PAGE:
Now one might say, this is a pretty complex, intricate and purposeful process for a ant! This is exactly my point. For this is obviously a scheme, as it is surely a systematic arrangement in action, which of course fits what a scheme is defined as. Now what about this aspect of intent, that many scientists are worried about. Like I’ve said, in the strict sense, intent is not necessarily a property of a scheme. In this example for instance, can one proclaim that the ants have intent, in as to have come up with this scheme, or are they merely the vessels of its executiont? Also, certainly we can’t insist that it the result of the intent of the fungus. On that note, there is one detail I forgot to tell you. If the ants happen to bring back leaves that the fungus find toxic, this fungus then emits a chemical which makes the ants aware not to collect anymore of such leaves. So not only is this scheme complex, it is also symbiotic (in aid of both species). To continue, I think it would be fair to assume, that despite the fact that both ant and fungus benefit from this scheme, that neither may have it as intent. If there is intent, which I’m not claiming there is or isn’t. For I most surely do not know. Then it is more likely that the source, if any, lay outside. No matter which way you slice it, I have demonstrated a scheme for which there is at present no proof or disproof of intent. So then I would first ask the scientists, is it then reasonable to insist that nature has no scheme based on the disciplines denial of intend? For here I have demonstrated what is clearly a scheme that shows no evidence that it has such. Also, I would ask the philosophers, is it reasonable to insist that nature’s scheme must contain intent because it also shows purpose? To both groups I would point out that I have demonstrated a scheme. One that any would describe as carrying out the act of farming. Farming that is as intricate as any such process enacted by man. Although a intricate and efficient process, it is one in which it would be difficult to identify or prove an instigator.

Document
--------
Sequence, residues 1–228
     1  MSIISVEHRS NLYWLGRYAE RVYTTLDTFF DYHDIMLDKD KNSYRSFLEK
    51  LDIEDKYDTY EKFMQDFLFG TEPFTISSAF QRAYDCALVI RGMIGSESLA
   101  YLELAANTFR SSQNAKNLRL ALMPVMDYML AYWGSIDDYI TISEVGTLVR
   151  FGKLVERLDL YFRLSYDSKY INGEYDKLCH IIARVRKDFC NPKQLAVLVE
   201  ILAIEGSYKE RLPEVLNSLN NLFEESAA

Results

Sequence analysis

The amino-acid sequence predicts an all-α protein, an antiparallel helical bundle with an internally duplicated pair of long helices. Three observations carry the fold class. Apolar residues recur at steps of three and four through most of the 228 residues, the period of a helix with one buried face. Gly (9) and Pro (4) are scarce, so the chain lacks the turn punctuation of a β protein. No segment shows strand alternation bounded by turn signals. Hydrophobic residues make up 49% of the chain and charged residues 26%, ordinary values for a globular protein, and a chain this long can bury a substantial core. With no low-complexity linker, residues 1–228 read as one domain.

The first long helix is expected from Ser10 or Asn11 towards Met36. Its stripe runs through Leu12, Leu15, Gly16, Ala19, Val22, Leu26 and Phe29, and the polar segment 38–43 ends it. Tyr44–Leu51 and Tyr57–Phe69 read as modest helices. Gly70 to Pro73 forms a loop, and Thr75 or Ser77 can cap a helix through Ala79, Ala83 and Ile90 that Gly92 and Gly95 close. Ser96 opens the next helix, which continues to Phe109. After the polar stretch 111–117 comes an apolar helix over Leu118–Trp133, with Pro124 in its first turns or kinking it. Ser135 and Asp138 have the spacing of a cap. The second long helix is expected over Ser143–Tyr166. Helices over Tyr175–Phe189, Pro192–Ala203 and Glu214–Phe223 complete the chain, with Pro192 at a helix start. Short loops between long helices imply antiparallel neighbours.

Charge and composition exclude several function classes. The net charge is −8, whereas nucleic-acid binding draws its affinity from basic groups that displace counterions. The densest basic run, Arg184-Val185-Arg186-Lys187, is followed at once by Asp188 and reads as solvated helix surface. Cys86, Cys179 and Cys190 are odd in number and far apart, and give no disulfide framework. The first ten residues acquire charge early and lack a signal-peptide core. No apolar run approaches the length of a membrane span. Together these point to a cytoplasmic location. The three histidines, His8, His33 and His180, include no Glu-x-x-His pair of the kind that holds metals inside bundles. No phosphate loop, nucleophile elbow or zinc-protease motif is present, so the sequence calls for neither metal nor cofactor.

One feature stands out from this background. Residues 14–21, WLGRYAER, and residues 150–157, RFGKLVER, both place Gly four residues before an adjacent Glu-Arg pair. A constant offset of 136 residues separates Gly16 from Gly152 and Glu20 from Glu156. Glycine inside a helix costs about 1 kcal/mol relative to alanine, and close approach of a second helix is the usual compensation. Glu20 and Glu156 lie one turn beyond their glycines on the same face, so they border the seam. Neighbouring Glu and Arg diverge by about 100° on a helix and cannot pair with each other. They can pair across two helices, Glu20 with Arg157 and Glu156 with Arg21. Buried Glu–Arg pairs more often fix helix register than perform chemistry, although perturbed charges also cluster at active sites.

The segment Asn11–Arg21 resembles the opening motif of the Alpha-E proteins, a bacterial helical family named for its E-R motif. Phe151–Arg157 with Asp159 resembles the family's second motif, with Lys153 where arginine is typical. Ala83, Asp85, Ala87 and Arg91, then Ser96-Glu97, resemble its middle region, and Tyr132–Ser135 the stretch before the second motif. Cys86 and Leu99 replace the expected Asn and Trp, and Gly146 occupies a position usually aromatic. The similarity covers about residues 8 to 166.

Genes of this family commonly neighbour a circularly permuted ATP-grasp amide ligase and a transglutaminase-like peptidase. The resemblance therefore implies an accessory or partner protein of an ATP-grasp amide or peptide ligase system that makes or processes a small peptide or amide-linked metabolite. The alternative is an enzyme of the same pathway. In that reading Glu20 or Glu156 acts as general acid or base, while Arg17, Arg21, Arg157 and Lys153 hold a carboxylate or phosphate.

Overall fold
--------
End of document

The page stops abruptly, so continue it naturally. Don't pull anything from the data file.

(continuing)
With this we might now remember a earlier quote I made of Plato and that was:

“It is absurd to suppose that purpose is not present because we do not observe the agent deliberating. Art does not deliberate. If the ship-building art were in the wood, it would produce the same results by nature. If, therefore, purpose is present in art, it is present also in nature. The best illustration is a doctor doctoring himself: nature is like that. It is plain then that nature is a cause, a cause that operates for a purpose.”
It is evident, that although we are not able to discover or prove intent, we have undeniably been shown a process with purpose and this purpose is to be found in both the ants and the fungi’s continuance and survival. Now with the recognition of the role of purpose, we are now better able to understand what Plato has called, the “good”. For this good as Plato recognized, was that nature’s process is demonstrated to act for the good. It is with this we understand that Plato’s good is not as it is now commonly understood, as for example, to help a old lady across the street or buying those girl guide cookies. For Plato, science/philosophy serves to reveal the good of nature through its purpose and not that of man’s. From Plato’s perspective, man’s good is but as the shadow’s image is to the object itself.